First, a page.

Let’s say you begin testing 1 month prior to an event. You need to be willing to set a hard and fast date say 1 week prior to the tournament as a buffer zone. If your projected deck is not meeting expectations, it is at this date that you drop the deck altogether and move on to your plan B. It is easy to stick to the date, what isn’t easy is getting someone to admit that the deck isn’t meeting expectations, since those are subjective. Be honest with yourself here, because you are honestly only hurting your own chances by not doing so.
Your scheduling should probably also include specific dates that you would like to work on things and have other benchmarks along the way as well, but the general gist is to keep you on track so you know how much time you have to get your act together. Without something pushing you along a track, you tend to get up to the night before the tournament and are still without a clue as to what you are going to be playing.
Know Thy Enemy
Another tactic that rarely gets used but probably should is to specialize your gauntlet. In general, the way most people test is that they take their brew and begin bashing it against all comers. Maybe they get to play against a specific match up when they want, but in general, it is just against anyone who is willing to play those decks (the actual person, not the archetype). Instead of going through testing like that, as a deck builder, you can use this time to insure yourself for the tournament.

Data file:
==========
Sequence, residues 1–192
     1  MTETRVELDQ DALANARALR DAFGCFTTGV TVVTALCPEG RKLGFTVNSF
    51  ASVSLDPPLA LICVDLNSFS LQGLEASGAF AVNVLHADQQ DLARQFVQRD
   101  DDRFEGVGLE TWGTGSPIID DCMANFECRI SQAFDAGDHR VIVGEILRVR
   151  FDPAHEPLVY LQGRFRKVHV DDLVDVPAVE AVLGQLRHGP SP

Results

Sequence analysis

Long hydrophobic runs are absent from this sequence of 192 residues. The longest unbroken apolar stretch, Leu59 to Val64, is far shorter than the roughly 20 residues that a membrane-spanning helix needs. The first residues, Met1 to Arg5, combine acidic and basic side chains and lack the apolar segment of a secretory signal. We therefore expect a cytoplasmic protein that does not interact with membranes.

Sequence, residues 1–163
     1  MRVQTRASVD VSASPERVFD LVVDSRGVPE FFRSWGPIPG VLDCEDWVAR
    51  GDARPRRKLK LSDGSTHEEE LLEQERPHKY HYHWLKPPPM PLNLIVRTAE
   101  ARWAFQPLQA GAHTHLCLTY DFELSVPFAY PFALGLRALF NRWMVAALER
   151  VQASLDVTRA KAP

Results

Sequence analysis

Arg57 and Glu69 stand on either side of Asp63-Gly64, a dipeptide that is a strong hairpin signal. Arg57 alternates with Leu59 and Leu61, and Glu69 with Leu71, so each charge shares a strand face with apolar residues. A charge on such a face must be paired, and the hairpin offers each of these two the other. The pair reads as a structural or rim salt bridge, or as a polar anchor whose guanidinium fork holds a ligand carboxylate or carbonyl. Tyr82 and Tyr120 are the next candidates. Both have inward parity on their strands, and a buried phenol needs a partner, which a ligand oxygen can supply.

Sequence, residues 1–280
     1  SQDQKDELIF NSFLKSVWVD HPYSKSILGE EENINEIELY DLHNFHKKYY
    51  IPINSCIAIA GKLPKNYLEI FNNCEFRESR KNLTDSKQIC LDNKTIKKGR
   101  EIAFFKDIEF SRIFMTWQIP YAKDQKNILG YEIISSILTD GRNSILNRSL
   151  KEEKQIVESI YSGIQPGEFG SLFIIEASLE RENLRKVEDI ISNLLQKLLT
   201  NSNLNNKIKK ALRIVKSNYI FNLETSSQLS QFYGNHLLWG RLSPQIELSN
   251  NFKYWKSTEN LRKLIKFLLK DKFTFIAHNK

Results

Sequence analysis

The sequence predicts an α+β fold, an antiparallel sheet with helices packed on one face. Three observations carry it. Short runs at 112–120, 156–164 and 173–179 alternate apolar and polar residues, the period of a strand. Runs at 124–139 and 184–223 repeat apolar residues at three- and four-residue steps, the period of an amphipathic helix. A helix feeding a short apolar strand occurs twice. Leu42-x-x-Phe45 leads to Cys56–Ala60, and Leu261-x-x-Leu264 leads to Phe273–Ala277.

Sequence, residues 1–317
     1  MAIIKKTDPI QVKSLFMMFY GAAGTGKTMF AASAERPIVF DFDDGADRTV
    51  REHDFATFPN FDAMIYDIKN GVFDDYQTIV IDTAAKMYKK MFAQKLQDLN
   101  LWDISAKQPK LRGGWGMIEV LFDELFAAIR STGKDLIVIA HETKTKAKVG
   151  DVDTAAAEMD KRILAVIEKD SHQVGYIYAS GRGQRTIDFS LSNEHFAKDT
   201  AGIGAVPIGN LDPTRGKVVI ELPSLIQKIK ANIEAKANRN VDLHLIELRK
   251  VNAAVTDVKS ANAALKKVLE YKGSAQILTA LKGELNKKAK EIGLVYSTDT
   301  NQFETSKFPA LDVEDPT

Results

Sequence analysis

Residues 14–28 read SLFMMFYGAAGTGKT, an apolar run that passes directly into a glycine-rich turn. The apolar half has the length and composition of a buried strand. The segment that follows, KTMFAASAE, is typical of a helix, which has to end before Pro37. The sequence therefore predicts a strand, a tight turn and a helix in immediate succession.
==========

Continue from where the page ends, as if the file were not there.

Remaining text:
First of all, you should already be playing some games with the gauntlet decks against someone else piloting your deck. If you aren’t start off by incorporating that into your routine. Secondly, if you are testing with a group, chances are you are just playing some games with the gauntlet against their deck of choice to return the favor of them providing that service to you. So far all of that is good, but now you need to take it a step farther.